A Great Curiosity
he history of the air gun began among primitive tribes with the lung-powered blowgun, a hollow reed through which a missile such as a poison-tipped dart was propelled by lung power. The first trigger-operated weapon powered by compressed air from a tank attached to the gun was built in the 1580s.1
When the fact that Lewis carried an air gun came to the attention of gun historians around the middle of the 20th century, the initial guess was that it was powered from a ball-shaped tank suspended beneath the gun's breech, a design that apparently was used in many popular sporting air guns made in Europe during the 18th century. For some years air guns of that design were exhibited in various museums as illustrations of the type Lewis was thought to have carried.
In 1977, however, gun historian Henry M. Stewart, Jr., made a discovery at the Franklin Institute in Philadelphia that seemed to point to a different make of air gun. He found an auction catalog for the estate of Isaiah Lukens, a Philadelphia clock maker who died in 1846. It included several air guns, one of which, listed as item 95, was a large gun "made for, and used by Messrs Lewis & Clark in their exploring expeditions." It was "A great curiosity."2 The maker was not named, and no record of the disposition of the item after the auction has yet been found.
Catalog item 78, evidently not an air gun, was "1 superior Rifle, silver mounted, telescoping and graduating sights, &c., with mahogany case. Made by Isaiah Lukens for his own use." The twelve items numbered 79 through 90 were collectively identified as "Air Cane Gun, complete" (which today might be considered an even greater "curiosity" than item 95). Item 93 was "1 large Air Gun, in order," which no doubt meant working order; item 94 was a small air gun, similarly "in order." Some gun historians have inferred from this document that some or all of the weapons listed could have been made by Isaiah Lukens, and that item 95 might have been made expressly for Meriwether Lewis, and either sold or loaned to him.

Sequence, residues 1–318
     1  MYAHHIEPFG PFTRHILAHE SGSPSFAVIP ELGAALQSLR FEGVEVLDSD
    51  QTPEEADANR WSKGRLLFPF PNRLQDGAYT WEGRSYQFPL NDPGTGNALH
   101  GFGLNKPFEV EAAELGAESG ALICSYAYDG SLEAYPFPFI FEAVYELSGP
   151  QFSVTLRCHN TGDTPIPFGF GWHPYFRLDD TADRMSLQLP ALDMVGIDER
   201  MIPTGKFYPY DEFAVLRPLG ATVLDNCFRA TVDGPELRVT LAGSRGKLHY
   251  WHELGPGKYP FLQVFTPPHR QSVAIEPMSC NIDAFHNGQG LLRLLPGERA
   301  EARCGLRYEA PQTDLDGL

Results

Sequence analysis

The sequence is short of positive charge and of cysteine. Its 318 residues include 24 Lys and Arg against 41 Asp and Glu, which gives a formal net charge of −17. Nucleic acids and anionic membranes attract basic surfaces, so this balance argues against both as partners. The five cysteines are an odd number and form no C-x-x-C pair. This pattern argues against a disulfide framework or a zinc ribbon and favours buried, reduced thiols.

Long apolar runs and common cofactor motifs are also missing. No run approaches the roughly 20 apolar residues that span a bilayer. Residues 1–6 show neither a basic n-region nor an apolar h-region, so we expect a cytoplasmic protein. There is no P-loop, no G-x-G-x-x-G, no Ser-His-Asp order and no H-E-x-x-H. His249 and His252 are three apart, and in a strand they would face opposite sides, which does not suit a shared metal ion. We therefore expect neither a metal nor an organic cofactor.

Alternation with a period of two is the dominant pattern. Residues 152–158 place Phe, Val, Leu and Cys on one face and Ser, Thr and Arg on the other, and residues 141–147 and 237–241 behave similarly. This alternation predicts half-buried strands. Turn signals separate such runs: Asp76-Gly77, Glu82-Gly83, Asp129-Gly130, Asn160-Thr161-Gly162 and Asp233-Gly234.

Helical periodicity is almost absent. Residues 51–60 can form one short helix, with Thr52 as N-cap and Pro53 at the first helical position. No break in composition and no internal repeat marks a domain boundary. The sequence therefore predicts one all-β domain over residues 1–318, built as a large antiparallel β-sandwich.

An air gun purportedly manufactured by Lukens, which is now in the collection at Virginia Military Institute at Lexington, Virginia, is still believed by many authorities to be the kind that Lewis carried, and some believe it shows direct evidence that it was the very one. At the mouth of the Marias River on 9 June 1805 Lewis recorded: "as we had determined to leave our blacksmith's bellows and tools here it was necessary to repare some of our arms, and particularly my Airgun the main spring of which was broken, before we left this place." The next day, the Corps' gunsmith, Private John Shields "renewed" it. The main spring of the air gun at VMI appears to have been broken, and repaired.
However, in 2002 another gun historian, Michael Carrick, determined through research at the Library Company of Philadelphia that Lukens is not known to have been in business in Philadelphia before 1814.3 In 1803, at 23 years of age, he was still an apprentice to his father, a horologist (clock-maker), in Horsham Township, fifteen miles north of Philadelphia.
--Joseph Mussulman; David E. Nelson, technical advisor, 11/03
1. See Robert Beeman, "Airguns Throughout the Centuries," at http://www.beeman.com/history.htm/
2. Donald Jackson, ed., Letters of the Lewis and Clark Expedition with Related
Documents, 1783 -1854 (2nd ed., Urbana: University of Illinois Press, 1978,
3. Personal communication from Michael Carrick, 7 August 2003.
Funded in part by a grant from the National Park Service's Challenge-Cost-Share Program.